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Mark B. Ledenbach's vintage Halloween collectibles blog.

eBay, eBay, eBay!!

eBay is trying to make it harder for interested parties to see details of finished listings. Thankfully, one of my readers figured out a work-around and was kind enough to share it. 

eBay's latest trick is to show you a completely different item than the finished item you clicked on. If you want details of finished listings or if you have clicked on a finished listing directly from my site, follow these instructions when the completely different active item pops up:  

At the top left of the different active item you will see, "The listing you’re looking for is no longer available. Check out this similar item we found for you."

Click on the hyper-linked word, listing.

Click on "See original listing" found at the end of the title. 

You've done it! 

Thanks for sharing PK!

NICE Vintage Foil Jointed HALLOWEEN EVIL DEVIL Skull Crossbones RARE

This was a high price to pay for this fairly common foil diecut. They surface regularly. This devil was produced by Happy Holiday of Battleboro, Massachusetts during the late 1950s and into the early 1960s. They typically change hands for $30-40. Foil items have not been a strong market segment for many years - if ever. Is that changing? More selling data points will tell the story. At this point, I feel this result is an outlier. 

Vintage Halloween DEVIL 30" jointed Die Cut ? Beistle Electric Man

Here's a great Beistle item you don't often see. This was issued for the 1931 season only and marketed as a Lightning Wumpus, one of four large jointed designs Beistle issued. They issued two in 1929 and two in 1931. (You can see them all on page 146.) This is one of their two best, the other being the scowling Skairo. This one appears to be in remarkable condition given how much can go wrong with this large item with its wholly irregular edges. SGV is $525.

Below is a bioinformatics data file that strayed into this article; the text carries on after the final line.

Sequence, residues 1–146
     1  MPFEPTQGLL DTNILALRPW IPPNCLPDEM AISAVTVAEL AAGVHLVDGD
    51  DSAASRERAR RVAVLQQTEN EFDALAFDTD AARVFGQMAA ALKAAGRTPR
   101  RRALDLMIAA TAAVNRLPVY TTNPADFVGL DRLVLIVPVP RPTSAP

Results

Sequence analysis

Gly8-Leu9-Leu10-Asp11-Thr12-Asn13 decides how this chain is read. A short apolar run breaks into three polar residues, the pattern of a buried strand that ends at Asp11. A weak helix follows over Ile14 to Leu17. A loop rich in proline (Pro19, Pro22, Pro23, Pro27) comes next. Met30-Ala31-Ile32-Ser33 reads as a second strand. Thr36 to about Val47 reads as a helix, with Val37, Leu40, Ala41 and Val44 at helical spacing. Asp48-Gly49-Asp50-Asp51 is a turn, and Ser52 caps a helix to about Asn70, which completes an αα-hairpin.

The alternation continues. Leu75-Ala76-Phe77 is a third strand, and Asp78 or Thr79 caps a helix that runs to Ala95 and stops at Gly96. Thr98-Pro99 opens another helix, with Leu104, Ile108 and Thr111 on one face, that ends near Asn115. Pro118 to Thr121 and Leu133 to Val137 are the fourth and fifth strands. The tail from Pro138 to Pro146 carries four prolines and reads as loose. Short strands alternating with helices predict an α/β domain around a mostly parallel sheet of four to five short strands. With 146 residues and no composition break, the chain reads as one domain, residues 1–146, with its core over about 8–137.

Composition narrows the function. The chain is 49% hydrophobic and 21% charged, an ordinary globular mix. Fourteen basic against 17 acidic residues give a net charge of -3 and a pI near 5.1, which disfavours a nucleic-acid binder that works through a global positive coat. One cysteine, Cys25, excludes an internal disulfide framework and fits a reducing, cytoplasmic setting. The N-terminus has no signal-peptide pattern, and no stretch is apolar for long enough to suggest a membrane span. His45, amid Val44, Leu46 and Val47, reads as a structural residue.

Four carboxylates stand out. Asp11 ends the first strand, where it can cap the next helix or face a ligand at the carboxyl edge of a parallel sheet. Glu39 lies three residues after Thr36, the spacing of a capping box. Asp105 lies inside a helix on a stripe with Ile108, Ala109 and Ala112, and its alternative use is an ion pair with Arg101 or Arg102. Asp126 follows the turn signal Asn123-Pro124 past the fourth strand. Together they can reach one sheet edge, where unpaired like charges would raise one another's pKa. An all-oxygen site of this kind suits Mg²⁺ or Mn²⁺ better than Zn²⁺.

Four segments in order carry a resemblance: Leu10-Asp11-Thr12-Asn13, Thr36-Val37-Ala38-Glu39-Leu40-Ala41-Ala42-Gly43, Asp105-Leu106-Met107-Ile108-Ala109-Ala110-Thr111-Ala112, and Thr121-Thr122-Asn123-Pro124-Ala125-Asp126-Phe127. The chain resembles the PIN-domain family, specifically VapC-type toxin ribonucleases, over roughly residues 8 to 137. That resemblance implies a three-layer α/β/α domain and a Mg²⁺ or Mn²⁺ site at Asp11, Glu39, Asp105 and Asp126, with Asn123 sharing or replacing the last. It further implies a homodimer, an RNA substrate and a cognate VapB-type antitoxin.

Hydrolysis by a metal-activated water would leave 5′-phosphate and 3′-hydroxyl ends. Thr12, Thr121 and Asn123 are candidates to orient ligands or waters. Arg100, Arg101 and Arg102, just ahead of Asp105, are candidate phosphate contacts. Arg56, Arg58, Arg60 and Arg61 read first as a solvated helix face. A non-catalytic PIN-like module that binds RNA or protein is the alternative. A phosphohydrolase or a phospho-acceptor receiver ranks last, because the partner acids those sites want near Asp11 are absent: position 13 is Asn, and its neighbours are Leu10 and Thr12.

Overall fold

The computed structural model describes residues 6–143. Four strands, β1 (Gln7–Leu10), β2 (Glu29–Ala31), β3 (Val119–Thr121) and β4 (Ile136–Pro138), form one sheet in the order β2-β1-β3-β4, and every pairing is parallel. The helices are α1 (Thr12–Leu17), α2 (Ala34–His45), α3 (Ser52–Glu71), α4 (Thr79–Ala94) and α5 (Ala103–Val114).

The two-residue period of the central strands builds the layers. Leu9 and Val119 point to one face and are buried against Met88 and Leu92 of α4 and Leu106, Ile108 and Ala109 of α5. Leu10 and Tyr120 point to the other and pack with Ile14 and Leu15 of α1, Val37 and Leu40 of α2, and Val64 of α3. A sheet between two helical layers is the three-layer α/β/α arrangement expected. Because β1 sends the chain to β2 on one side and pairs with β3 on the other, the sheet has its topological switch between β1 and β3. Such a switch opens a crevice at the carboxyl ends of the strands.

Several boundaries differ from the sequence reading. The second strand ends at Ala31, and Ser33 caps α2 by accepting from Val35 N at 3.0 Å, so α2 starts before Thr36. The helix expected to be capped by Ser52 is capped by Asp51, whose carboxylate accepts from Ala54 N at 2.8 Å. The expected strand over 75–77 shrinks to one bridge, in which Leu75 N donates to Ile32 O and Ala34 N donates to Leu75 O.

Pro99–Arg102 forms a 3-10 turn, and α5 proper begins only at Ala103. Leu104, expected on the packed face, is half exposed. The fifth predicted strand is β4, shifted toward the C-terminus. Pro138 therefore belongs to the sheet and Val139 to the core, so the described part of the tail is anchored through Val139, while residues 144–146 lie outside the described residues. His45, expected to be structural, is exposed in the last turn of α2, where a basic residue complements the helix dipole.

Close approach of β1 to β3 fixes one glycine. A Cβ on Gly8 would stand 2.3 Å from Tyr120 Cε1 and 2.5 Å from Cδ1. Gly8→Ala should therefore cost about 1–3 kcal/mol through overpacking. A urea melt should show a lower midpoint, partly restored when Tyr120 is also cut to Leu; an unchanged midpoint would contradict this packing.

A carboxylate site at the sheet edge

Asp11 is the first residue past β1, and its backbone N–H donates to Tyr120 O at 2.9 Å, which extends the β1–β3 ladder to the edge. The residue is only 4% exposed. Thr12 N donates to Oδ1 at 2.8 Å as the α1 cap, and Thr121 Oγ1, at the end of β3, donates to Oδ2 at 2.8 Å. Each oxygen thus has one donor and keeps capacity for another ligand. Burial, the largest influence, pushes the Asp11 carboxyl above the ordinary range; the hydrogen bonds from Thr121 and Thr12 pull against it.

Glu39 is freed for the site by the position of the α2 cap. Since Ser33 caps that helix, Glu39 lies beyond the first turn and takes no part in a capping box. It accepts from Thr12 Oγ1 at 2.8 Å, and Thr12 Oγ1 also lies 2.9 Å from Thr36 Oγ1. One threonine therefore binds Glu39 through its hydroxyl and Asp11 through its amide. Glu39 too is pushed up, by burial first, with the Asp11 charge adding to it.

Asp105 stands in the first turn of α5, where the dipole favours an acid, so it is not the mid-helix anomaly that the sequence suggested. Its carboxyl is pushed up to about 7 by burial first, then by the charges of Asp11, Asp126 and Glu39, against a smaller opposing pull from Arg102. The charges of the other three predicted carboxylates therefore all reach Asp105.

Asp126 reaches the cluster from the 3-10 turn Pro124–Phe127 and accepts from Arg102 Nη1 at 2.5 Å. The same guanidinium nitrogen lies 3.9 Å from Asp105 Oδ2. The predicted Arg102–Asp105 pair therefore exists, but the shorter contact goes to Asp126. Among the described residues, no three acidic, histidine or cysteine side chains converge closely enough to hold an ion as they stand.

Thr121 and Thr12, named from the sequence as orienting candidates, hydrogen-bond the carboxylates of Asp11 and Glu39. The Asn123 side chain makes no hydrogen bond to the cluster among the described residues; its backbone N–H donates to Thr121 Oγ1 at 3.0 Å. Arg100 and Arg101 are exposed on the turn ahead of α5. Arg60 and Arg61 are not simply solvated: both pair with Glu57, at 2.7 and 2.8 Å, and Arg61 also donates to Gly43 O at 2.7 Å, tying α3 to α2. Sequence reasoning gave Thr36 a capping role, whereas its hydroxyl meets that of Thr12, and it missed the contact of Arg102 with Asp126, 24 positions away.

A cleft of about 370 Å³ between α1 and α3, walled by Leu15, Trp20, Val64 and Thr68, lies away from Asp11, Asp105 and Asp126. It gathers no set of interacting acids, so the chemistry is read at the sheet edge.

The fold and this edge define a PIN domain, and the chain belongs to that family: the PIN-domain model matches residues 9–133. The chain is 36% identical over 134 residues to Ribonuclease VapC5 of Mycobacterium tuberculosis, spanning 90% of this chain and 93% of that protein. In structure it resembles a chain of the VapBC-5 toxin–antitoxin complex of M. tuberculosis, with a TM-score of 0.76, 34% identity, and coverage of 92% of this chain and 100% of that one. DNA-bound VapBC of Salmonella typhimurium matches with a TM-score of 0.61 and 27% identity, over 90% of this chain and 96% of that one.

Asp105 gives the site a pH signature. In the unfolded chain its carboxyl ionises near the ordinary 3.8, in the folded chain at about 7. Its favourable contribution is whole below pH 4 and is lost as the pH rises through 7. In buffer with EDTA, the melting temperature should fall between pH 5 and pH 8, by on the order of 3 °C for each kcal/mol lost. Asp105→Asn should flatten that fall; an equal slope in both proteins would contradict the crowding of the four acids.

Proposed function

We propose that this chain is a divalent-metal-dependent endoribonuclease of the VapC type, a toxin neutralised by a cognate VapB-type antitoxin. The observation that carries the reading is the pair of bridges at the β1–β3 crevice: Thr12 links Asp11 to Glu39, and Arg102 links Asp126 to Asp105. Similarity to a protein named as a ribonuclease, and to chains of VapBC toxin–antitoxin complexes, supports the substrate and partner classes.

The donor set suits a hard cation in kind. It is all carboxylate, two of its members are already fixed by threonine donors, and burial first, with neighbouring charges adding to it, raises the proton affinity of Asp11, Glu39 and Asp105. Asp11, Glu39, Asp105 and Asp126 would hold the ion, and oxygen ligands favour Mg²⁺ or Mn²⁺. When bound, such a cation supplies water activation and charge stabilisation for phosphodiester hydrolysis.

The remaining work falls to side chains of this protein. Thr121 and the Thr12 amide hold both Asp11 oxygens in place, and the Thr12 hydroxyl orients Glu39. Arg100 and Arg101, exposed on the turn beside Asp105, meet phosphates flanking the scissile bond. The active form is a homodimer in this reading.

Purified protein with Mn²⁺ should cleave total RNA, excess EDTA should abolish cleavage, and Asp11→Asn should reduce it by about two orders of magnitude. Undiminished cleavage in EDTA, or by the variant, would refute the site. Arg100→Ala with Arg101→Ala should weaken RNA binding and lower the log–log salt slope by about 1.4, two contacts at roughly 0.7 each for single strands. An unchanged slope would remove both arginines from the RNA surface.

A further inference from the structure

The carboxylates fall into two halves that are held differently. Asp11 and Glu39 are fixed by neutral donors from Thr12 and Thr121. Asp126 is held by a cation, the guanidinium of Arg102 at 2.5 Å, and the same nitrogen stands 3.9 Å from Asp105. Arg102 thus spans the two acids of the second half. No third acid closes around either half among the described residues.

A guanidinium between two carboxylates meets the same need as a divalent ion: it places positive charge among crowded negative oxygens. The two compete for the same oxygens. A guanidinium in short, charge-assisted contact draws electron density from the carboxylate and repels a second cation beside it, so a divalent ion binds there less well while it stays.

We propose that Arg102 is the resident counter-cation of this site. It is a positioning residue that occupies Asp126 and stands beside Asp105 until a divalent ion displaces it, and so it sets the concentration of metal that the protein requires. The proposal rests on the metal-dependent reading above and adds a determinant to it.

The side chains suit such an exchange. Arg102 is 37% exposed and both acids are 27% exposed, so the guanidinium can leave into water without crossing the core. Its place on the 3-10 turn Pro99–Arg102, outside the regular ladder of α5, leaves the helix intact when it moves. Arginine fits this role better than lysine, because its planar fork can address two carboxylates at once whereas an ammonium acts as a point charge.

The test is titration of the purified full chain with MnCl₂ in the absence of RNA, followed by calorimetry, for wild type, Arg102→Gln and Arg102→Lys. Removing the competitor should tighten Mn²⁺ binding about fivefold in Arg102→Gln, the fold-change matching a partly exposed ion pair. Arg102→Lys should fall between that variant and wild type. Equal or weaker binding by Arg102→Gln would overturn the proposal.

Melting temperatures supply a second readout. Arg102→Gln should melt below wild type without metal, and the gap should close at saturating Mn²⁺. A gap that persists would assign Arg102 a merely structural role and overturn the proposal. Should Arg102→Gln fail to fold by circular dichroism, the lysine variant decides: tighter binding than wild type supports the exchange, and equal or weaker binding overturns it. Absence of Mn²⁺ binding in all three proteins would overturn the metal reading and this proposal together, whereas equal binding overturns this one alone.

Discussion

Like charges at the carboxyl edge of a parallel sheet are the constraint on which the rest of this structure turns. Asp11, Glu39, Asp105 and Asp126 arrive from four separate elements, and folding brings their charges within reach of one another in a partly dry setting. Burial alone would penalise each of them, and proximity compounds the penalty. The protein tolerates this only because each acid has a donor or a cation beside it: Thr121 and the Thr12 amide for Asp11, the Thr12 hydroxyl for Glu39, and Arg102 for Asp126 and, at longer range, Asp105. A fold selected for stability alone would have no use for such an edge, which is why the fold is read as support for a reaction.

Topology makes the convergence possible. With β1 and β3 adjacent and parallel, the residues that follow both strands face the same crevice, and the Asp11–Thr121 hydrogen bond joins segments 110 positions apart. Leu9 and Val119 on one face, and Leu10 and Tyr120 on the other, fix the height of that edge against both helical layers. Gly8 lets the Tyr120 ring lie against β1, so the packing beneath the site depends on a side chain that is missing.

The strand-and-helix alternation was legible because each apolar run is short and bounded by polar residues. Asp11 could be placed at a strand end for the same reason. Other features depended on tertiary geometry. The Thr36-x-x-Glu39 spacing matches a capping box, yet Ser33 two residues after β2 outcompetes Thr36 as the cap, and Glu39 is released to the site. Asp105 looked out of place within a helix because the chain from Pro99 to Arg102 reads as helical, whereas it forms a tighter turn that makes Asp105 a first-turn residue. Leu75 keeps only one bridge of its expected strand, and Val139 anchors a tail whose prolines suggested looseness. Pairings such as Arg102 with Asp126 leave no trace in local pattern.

VINTAGE 1960's HALLOWEEN Flying WITCH, Surprised MOON Die-Cut Party Decoration

Eureka produced a small number of Halloween diecuts in the early 1960s. They were produced on thin paper stock, so most are in poor condition when found. I’ve noticed that prices for Eureka diecuts have increased sharply over the last five years. This is a diecut of a broomed witch racing against a large moon with a surprised look on its face. The trees at the bottom are a bit spookier than one finds in the typical Eureka diecut. I sold a duplicate of this diecut in my recent vintage Halloween auction extravaganza. Unlike this one, it didn't have a specific date printed on the front, so Eureka definitely made at least two iterations of this diecut. (I feel this is the most interesting of their Halloween diecuts.) 

Vintage RARE Halloween Carboard I'm A Dumbskull Stunt Game Original USA

This is the rarer of the two versions of this game produced by Beistle in 1930 and 1931. The other has a hat-wearing cat at the top, no clock dial or metal spinner and an easel. Although it is easier to display than the version up for auction, the auction version is visually more interesting and typically commands a 30-50% premium to the other version. Interestingly, this particular item was a salesman sample. I have other Beistle items in the collection with the same handwriting.